Curtis said he was sad the Salvation Army store was closing but seemed unwilling to commit funds to a future hypothetical project.

The thrift store is slated to close April 12.

Contact Ashley Joannou at ashleyj@yukon-news.com

Get local stories you won't find anywhere else right to your inbox.
Sign up here

Just Posted

Liberal leader Sandy Silver speaks outside his campaign headquarters in Dawson City following early poll results on April 12. (Robin Sharp/Yukon News)
BREAKING: Minority government results will wait on tie vote in Vuntut Gwitchin

The Yukon Party and the Liberal Party currently have secured the same amount of seats

Yukonomist Keith Halliday
YUKONOMIST: The Neapolitan election

Do you remember those old bricks of Neapolitan ice cream from birthday… Continue reading

Chief Medical Officer of Health Dr. Brendan Hanley. (Crystal Schick/Yukon News)
Exposure notice issued for April 3 Air North flight

Yukon Chief Medical Officer of Health Dr. Brendan Hanley has issued another… Continue reading

Crystal Schick/Yukon News file
Runners in the Yukon Arctic Ultra marathon race down the Yukon River near the Marwell industrial area in Whitehorse on Feb. 3, 2019.
Cold-weather exercise hard on the lungs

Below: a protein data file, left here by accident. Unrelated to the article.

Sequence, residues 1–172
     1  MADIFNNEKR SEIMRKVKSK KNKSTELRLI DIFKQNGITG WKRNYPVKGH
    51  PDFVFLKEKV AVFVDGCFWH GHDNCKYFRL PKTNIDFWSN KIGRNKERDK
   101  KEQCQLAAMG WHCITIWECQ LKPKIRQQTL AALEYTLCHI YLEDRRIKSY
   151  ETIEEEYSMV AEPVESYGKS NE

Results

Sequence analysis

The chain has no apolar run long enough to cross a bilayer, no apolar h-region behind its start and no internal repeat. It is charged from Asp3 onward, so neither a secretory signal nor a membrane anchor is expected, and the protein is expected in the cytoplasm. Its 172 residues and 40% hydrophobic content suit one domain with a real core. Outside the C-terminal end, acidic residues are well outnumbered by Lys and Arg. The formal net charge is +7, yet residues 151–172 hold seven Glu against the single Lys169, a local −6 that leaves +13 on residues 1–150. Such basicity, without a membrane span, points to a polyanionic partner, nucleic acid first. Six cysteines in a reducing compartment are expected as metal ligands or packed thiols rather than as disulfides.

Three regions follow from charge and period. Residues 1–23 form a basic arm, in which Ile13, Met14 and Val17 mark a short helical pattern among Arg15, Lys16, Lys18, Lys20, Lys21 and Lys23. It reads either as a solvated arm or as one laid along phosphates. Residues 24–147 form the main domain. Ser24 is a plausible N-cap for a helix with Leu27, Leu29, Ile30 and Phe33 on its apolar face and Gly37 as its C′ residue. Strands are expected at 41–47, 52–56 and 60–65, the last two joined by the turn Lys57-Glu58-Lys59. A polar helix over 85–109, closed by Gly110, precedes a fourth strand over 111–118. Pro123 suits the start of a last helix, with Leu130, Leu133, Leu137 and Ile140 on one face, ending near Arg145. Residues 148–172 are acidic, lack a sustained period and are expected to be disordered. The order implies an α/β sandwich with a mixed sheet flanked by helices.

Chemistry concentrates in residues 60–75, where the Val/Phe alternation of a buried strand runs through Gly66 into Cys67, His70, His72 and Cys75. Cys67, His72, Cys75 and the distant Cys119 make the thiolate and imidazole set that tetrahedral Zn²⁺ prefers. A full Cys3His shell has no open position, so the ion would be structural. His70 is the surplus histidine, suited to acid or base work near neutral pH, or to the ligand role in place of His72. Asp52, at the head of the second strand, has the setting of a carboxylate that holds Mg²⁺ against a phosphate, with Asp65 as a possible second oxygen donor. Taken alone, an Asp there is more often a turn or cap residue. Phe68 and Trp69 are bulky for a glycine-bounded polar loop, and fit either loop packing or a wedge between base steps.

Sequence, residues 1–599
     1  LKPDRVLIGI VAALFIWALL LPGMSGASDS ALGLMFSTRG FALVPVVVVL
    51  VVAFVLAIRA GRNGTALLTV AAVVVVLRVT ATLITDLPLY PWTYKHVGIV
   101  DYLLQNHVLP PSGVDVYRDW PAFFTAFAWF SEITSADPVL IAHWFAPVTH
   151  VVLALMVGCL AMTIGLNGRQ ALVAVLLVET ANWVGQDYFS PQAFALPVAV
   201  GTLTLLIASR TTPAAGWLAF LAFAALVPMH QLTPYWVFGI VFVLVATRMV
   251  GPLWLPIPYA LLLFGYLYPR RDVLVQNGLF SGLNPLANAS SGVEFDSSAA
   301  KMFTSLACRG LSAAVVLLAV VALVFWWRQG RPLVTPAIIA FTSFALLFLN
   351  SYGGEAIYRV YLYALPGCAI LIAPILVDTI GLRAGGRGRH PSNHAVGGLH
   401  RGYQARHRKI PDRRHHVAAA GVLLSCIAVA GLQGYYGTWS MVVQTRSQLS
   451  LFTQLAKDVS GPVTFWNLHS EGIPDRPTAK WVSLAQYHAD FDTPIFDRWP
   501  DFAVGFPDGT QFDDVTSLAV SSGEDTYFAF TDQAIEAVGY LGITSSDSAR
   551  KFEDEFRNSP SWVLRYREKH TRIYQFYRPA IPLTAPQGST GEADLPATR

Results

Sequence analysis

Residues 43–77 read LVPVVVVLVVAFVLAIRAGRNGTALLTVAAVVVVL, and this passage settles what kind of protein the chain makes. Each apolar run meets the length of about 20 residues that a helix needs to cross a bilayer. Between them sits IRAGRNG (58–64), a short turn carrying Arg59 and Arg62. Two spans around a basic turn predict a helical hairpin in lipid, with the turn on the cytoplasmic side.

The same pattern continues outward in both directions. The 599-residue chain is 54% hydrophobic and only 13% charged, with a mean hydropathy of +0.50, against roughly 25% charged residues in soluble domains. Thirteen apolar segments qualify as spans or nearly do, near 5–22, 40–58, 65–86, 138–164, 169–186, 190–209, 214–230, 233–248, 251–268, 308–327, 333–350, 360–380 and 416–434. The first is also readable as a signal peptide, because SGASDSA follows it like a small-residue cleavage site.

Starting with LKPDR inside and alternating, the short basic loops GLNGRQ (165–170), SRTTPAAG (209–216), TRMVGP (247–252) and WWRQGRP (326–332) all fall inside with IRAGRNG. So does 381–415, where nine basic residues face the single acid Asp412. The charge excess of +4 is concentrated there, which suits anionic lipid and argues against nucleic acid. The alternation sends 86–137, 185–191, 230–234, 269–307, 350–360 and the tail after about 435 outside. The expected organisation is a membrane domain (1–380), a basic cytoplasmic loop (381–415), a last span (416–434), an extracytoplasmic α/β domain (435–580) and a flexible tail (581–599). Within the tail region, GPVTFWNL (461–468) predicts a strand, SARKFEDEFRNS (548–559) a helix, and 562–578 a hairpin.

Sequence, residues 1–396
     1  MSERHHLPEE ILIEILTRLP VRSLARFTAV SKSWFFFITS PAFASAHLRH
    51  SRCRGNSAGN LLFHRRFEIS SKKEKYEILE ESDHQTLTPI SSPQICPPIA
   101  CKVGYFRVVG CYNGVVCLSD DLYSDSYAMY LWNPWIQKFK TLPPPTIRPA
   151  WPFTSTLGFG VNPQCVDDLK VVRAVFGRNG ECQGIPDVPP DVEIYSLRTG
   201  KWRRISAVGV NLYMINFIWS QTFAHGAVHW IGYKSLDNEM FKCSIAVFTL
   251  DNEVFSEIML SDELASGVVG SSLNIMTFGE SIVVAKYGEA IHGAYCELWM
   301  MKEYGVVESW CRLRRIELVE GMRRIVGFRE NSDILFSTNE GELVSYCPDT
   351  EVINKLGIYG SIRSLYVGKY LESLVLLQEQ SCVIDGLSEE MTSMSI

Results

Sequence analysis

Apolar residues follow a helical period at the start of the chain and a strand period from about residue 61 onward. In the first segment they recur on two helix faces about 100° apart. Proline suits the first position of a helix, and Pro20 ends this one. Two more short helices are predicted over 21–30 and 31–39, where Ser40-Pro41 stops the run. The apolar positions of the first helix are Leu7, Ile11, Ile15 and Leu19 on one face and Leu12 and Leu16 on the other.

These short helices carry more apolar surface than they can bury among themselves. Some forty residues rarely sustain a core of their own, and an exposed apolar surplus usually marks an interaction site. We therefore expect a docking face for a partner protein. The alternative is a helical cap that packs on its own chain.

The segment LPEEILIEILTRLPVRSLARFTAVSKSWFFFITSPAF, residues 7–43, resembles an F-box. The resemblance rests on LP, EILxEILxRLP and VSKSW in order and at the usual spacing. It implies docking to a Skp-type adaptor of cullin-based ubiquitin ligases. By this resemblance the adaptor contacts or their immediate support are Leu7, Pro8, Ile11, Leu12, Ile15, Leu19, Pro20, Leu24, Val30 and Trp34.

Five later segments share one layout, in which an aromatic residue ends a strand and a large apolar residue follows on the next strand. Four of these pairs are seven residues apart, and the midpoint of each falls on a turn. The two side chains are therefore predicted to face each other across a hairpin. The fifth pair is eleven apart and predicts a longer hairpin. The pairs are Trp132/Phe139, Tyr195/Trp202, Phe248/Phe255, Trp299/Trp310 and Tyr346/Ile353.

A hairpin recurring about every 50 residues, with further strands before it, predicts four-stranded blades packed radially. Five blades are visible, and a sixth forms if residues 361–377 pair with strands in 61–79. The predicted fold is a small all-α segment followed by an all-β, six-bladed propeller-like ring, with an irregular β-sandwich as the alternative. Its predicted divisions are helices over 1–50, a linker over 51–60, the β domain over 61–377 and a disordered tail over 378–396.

Amy Kenny Special to the Yukon News It might make you feel… Continue reading

Whitehorse City Hall (Joel Krahn/Yukon News file)
This week at city hall

A look at issues discussed by Whitehorse city council at its April 6 meeting.

Today’s Mailbox: Rent freezes and the youth vote

Dear Editor, I read the article regarding the recommendations by the Yukon… Continue reading

Point-in-Time homeless count planned this month

Volunteers will count those in shelters, short-term housing and without shelter in a 24-hour period.

The Yukon’s new ATIPP Act came into effect on April 1. Yukoners can submit ATIPP requests online or at the Legislative Assembly building. (Gabrielle Plonka/Yukon News file)
New ATIPP Act in effect as of April 1

The changes promise increased government transparency

A new conservancy in northern B.C. is adjacent to Mount Edziza Provincial Park. (Courtesy BC Parks)
Ice Mountain Lands near Telegraph Creek, B.C., granted conservancy protection

The conservancy is the first step in a multi-year Tahltan Stewardship Initiative

Yukon RCMP reported a child pornography-related arrest on April 1. (Phil McLachlan/Black Press file)
Whitehorse man arrested on child pornography charges

The 43-year-old was charged with possession of child pornography and making child pornography

Team Yukon athletes wave flags at the 2012 Arctic Winter Games opening ceremony in Whitehorse. The postponed 2022 event in Wood Buffalo, Alta., has been rescheduled for Jan. 29 to Feb. 4, 2023. (Justin Kennedy/Yukon News file)
New dates set for Arctic Winter Games

Wood Buffalo, Alta. will host event Jan. 29 to Feb. 4, 2023

Victoria Gold Corp. has contributed $1 million to the First Nation of Na-cho Nyak Dun after six months of production at the Eagle Gold Mine. (Submitted/Victoria Gold Corp.)
Victoria Gold contributes $1 million to First Nation of Na-cho Nyak Dun

Victoria Gold signed a Comprehensive Cooperation and Benefits Agreement in 2011

Most Read